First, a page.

New York – Future Brown is a production collective that was formed, Voltron-like, by dance music duo Nguzunguzu’s Asma Maroof and Daniel Pineda, artist and musician Fatima al Qadiri, and Lit City Trax label owner and promoter J-Cush. Their self-titled debut album is a melting pot of dance music, taking sounds and beats from drum-fueled, rap-based genres from all over the world. There’s reggaeton and dancehall, from the Caribbean; from farther north, there’s Atlanta trap rap and Chicago drill; from across the Atlantic, there’s London grime. Future Brown is too cool and worldly to express a sentiment like “dance transcends all boundaries,” but their music still reinforces that truth. Understanding what the singer is saying is unnecessary for booty movement.
The globetrotting sensibility extends to the guest vocalists as well. Special spotlights are given to up-and-coming female singers, like dancehall singer Timberlee on the raunchy “No Apology” and (northern Manhattan’s) Washington Heights-based reggaeton vocalist Maluca on “Vernaculo.”
The star of the album is Tink, an ascendant Chicagoan singer/rapper in the vein of Azealia Banks. Tink appears on two songs on Future Brown, opening track “Room 302” and closer “Wanna Party,” and delivers a commanding performance on both. “Room 302” is a slinky bedroom jam where Tink orders a lover to watch her undress over Future Brown’s gamelan-like synths. The chorus is long and wordy, and Tink’s assertive presence is casually assured. “Wanna Party” has the gamelan-synth again and mutated Dirty South 808s that sound like Memphis-via-outer space. “Don’t you wanna party? Put some liquor in your body,” Tink spits in a staccato Chicago trademark flow.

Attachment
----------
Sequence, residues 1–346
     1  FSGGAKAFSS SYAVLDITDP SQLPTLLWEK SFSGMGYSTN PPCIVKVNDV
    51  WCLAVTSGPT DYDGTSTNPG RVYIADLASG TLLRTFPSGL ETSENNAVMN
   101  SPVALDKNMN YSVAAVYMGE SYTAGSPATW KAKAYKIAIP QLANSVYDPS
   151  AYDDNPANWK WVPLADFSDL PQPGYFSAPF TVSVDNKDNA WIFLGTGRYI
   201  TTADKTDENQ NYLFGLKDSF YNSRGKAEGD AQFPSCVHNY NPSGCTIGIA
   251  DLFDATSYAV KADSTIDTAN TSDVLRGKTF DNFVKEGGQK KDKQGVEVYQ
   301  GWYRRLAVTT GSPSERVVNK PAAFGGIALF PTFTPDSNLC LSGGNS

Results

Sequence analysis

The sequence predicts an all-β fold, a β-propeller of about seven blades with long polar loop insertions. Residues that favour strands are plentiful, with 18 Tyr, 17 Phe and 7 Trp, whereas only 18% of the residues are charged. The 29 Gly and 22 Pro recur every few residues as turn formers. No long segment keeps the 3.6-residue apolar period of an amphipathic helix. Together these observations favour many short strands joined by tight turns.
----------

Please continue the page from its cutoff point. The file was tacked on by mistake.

Tink has been working with Timbaland, whose influence on Future Brown is evident. Like Timbaland, Future Brown makes multicultural, futuristic party music. DJ/rupture is perhaps a clearer influence, as he also makes multicultural party music, but with an intellectual, socio-political bent that Future Brown shares. There are shades of M.I.A. and Diplo as well, but unlike Diplo, a notorious cultural appropriator, Future Brown includes the people whose voices and rhythms they’re borrowing.
Future Brown makes music for a future where national and racial boundaries have collapsed and everyone bands together to fight the powers that be through the power of dance. It’s political the way the best science fiction is political, in how it reflects and comments on present-day social ills by imagining what the future may be like. In their Fader interview, the members of Future Brown downplay the issue of race in their music, arguing that to focus on race “takes away from the idea that this is something that exists without having a definition,” but that’s the point, isn’t it? In the future, Future Brown won’t be forced to define itself.
Future Brown is out this week on Warp Records. As of now, they have a few club and festival dates throughout the spring and summer; follow them on Facebook for updates.
Latest posts by Liam Mathews (see all)
- Nadine Shah In PJ Harvey’s Shadow; Not a Bad Thing - April 3, 2015
- Jack Ladder & the Dreamlanders Bring Australian Style To Brooklyn - April 1, 2015
- Liturgy Test The Faithful With ‘The Ark Work’ - March 25, 2015